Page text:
Eventually, lunchtime was over, everyone had returned, and we waited some more.  At about 2:00, my group of fourteen was finally collected by a police officer and escorted upstairs to a courtroom.  The case was a man caught speeding in traffic.  The prosecuting and defending attorneys both had their opportunities to talk to us and ask us questions, both as a group and individually, and then we waited to see which six lucky ones would be on the jury for the trial.  My name was called fifth.

After the sixth juror’s name was called, the remaining eight jurors were thanked and dismissed.  And the trial began.  This was not my first time on a jury.  About five years ago, I served on a jury involving the sexual assault of a minor.  NOBODY wanted to be on THAT jury.  That was a tough trial to go through, but the evidence was clear and we felt we gave the defendant a fair sentence.

This time, a gentleman who had received a speeding ticket one morning on his way to work was contesting his ticket.  We heard again from the prosecuting attorney who interviewed the police officer who wrote the ticket, then the defense attorney.  And then the gentleman contesting the ticket took the stand in his own defense.  This went on for about 45 minutes, and then both sides rested their cases.  We were escorted back to the Jury Deliberation Room to decide whether the defendant was “not guilty” or “guilty,” and if “guilty” we were to assess a fine between $1 and $200.

Since there were only two of us who had ever served on a jury before, I volunteered to be the foreman since I knew the newbies were clueless about the entire process.  And then I started the conversation:  “Well, what does everyone think?”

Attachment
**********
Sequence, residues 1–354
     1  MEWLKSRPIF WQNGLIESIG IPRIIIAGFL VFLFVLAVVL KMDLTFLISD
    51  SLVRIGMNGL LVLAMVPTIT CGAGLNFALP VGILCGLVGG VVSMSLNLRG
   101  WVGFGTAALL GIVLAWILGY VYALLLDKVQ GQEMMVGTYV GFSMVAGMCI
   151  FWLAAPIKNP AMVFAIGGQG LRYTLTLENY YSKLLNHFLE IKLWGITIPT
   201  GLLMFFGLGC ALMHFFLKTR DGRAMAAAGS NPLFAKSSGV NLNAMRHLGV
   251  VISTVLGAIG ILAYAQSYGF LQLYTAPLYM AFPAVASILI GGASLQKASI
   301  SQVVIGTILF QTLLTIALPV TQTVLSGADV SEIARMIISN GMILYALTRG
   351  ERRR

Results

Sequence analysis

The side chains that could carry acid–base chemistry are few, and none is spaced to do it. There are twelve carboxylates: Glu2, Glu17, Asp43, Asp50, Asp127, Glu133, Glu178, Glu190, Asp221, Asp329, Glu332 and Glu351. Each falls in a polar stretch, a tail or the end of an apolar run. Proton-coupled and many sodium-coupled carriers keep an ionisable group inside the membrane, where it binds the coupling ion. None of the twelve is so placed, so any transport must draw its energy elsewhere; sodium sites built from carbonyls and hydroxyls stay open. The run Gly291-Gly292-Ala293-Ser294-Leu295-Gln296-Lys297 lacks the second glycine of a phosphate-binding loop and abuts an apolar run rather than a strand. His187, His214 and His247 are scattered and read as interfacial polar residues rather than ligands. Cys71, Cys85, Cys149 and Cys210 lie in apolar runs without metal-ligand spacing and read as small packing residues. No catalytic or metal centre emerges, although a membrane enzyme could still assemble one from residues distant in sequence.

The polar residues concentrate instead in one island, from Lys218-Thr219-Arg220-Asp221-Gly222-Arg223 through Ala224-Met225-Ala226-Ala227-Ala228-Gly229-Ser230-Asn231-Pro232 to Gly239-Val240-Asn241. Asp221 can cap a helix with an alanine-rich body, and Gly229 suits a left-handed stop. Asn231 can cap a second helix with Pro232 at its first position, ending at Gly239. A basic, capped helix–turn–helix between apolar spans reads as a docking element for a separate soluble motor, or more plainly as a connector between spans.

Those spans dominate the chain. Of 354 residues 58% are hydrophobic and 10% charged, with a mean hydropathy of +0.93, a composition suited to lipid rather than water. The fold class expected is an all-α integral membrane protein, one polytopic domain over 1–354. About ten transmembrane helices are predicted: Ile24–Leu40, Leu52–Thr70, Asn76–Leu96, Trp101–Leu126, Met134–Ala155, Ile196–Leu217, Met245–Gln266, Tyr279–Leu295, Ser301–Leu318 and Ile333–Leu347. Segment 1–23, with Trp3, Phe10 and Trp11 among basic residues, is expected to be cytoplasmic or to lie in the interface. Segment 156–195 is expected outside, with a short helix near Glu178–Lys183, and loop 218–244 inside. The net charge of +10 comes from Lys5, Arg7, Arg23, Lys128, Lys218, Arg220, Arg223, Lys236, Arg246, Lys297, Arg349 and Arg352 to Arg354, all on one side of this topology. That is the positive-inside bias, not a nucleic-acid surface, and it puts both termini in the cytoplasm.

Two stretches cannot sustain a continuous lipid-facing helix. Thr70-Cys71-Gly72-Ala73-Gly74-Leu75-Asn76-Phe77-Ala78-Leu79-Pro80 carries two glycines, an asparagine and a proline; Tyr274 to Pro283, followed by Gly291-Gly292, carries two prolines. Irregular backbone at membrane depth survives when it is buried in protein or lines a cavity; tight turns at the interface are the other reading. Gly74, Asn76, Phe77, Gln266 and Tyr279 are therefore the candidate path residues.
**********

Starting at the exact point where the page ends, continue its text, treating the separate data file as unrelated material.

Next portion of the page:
One point that was brought up in the trial is that while many states have speed limits etched in stone, Texas does not, and there are many situations in which a driver may legally exceed the posted speed limit. Rushing someone to the hospital, for example.

We quickly concluded that the defendant was going with the flow of traffic – already over the speed limit – and that, in fact, had he tried to stick to the speed limit, he would have been putting himself and others in danger. He was not driving erratically and was staying in one lane.  He was just the unlucky guy who happened to be pulled over among all the other people exceeding the speed limit that morning.  We decided he’d gotten a raw deal and voted for “not guilty.”  It took us less than ten minutes to come to a decision.  I filled out and signed the back sheet of the court document and the deed was done.

We rang the bell to let the bailiff and judge know that we were ready, and we were escorted back out into the Jury Box.  I handed the document over to the bailiff who handed it to the judge.  She turned to the last page and read the “not guilty” verdict, and I knew that we had made the right decision.